"Any person who solicits insurance on behalf of any insurance company, whether incorporated under the laws of this or any other state or foreign government, or who takes or transmits other than for himself any application for insurance or any policy of insurance to or from such company, or who advertises or otherwise gives notice that he will receive or transmit the same, or who shall receive or deliver a policy of insurance of any such company, or who shall examine or inspect any risk, or receive, or collect, or transmit any premium of insurance, or make or forward any diagram of any building or buildings, or do or perform any other act or thing in the making or consummating of any contract of insurance for or with any such insurance company other than for himself, or who shall examine into, or adjust, or aid in adjusting, any loss for or on behalf of any such insurance company, whether any of such acts shall be done at the instance or request, or by the employment of such insurance company, or of, or by, any broker or other person, shall be held to be the agent of the company for which the act is done, or the risk is taken, as far as relates to all the liabilities, duties, requirements and penalties set forth in this chapter. * * * Any person who shall do any of the acts mentioned in this article for or on behalf of any insurance company without such company having first complied with the requirements of the laws of this State, shall be personally liable to the holder of any policy of insurance in respect of which such act was done for any loss covered by the same. Acts 1951, 52nd Leg., Ch. 491."
This article spells out what activities make one an agent, and also the liability of agents.
It is undisputed in the pleadings, and the certificate of the State Board of Insurance clearly shows, that the Defendant British Atlantic is not now complying, and never has complied, with the insurance laws of the State of Texas. It is unauthorized to do any type of insurance business in Texas.
From the facts and evidence before this Court, there is no question but that Stanley R. Werts, the Stan Mac Insurance Agency, Millard E. Gaskill and M. S. Verner, Jr., d/b/a M. S. Verner, Jr. Insurance Agency, were agents of the Defendant British Atlantic. The Defendant Werts placed numerous policies with the Defendant British Atlantic, and had numerous dealings with British Atlantic. The Defendant Gaskill worked for the Defendant Werts as his bookkeeper, and was also an underwriter and claim adjuster for the Defendant British Atlantic. There is no real question as to Defendant Gaskill's agency.
The Defendant Verner also meets the test of Article 21.02. His agency solicited the Plaintiff's business, transmitted Plaintiff's application for insurance, received and delivered the policy of insurance in question, examined the risk involved, and received, collected and transmitted he policy premium. His agency placed many policies with British Atlantic through the Stan Mac Insurance Agency, and received commissions for the same.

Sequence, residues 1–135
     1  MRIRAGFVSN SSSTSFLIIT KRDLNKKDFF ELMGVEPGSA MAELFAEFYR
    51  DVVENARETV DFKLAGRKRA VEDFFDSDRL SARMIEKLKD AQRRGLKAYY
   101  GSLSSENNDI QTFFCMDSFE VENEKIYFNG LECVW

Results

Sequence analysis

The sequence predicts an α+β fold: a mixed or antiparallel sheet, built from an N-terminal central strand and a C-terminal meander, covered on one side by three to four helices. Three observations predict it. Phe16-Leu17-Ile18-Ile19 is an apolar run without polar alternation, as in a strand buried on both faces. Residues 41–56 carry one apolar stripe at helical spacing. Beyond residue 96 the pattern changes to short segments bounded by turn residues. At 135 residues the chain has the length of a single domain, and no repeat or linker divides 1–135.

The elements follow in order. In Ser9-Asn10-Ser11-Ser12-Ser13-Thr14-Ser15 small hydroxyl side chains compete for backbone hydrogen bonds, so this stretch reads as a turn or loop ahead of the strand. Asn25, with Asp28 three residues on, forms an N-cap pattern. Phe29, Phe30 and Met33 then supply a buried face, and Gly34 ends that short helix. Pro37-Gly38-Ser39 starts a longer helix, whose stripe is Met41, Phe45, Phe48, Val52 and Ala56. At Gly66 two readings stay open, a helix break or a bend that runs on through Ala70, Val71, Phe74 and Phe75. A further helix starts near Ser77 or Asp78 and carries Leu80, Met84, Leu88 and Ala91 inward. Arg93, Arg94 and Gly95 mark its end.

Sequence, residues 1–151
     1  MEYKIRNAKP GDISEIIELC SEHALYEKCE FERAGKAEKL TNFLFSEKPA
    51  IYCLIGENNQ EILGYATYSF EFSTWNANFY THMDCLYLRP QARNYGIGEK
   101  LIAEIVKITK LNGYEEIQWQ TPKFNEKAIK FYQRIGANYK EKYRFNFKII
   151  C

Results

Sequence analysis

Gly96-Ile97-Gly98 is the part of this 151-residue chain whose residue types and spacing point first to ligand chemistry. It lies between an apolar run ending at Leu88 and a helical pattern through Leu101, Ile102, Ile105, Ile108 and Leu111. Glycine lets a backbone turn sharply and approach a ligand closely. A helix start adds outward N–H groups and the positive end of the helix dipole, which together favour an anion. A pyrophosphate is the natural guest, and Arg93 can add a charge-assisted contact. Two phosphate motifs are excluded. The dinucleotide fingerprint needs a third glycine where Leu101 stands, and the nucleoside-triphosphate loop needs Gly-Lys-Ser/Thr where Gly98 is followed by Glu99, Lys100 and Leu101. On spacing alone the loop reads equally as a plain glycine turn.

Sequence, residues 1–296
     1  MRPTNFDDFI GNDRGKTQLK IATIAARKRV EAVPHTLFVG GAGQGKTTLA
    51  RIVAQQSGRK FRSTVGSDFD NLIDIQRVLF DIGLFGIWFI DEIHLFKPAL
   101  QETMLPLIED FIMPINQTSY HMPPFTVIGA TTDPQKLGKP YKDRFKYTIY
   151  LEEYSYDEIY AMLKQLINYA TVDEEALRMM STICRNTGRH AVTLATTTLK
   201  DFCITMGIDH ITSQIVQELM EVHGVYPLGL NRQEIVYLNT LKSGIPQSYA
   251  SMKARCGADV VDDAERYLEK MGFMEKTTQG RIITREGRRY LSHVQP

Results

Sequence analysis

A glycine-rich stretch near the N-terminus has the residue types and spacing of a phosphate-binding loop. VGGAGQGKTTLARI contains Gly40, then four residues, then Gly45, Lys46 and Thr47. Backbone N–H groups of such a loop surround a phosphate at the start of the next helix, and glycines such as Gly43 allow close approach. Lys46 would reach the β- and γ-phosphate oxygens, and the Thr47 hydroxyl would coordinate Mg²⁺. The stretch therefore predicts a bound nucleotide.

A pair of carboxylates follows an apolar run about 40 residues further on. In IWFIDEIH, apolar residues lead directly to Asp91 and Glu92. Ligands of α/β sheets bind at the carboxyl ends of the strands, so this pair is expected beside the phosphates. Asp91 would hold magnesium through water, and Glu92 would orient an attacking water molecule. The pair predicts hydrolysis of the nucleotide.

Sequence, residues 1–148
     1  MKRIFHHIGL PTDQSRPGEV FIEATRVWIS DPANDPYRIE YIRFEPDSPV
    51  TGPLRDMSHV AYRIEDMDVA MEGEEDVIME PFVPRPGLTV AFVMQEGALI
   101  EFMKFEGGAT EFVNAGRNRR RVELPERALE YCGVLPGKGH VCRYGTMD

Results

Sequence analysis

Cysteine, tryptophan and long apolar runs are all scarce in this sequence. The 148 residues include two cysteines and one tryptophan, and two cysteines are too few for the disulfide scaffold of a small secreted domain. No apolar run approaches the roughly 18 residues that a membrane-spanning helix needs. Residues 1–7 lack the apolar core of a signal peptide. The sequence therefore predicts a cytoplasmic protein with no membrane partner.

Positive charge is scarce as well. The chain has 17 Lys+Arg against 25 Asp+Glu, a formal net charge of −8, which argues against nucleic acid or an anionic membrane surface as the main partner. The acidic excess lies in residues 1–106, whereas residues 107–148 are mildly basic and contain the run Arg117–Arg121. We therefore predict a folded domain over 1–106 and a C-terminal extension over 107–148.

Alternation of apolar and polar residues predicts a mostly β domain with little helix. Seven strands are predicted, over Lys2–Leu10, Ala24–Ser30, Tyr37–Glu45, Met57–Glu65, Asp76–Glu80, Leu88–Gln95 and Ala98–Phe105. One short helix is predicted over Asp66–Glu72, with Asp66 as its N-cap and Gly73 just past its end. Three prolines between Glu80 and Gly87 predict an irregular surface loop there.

Unless some valid defense is shown, it appears that each of these Defendants is going to be jointly and severally liable under Article 21.02 for the losses covered by Plaintiff's policy with British Atlantic.
The Defendant Werts, at the time the policy in question was issued, was also licensed as a surplus line agent pursuant *172 to then existing Article 21.38 of the Texas Insurance Code.
This license as a surplus line agent enabled the Defendant Werts to legally procure insurance for clients with out-of-state insurance companies not authorized to do business in Texas.
Section 3 of Article 21.38 provides in part:
"* * * but agents licensed hereunder acting pursuant to this article may issue and deliver to their clients, the insured, binders, policies and other confirmation of direct insurance so lawfully placed, and shall not be personally liable to the holder of any policy of insurance so issued or delivered for any loss covered by same."
The Defendant Werts, and the Defendant Verner indirectly, are both relying on this article to relieve them of liability. At first blush it would appear that this is a valid defense, but upon close examination, they may not rely on it.
The Legislature of the State of Texas realized that all of its citizens could not obtain their insurance needs from insurance companies authorized to do business in Texas, and through Art. 21.38 (now Art. 1.14-2) proceeded to allow its citizens to obtain such insurance from companies not authorized to do business in Texas, but to offer those having to do so certain protections, one of which was to subject certain unauthorized insurers to the jurisdiction of the Courts of this State.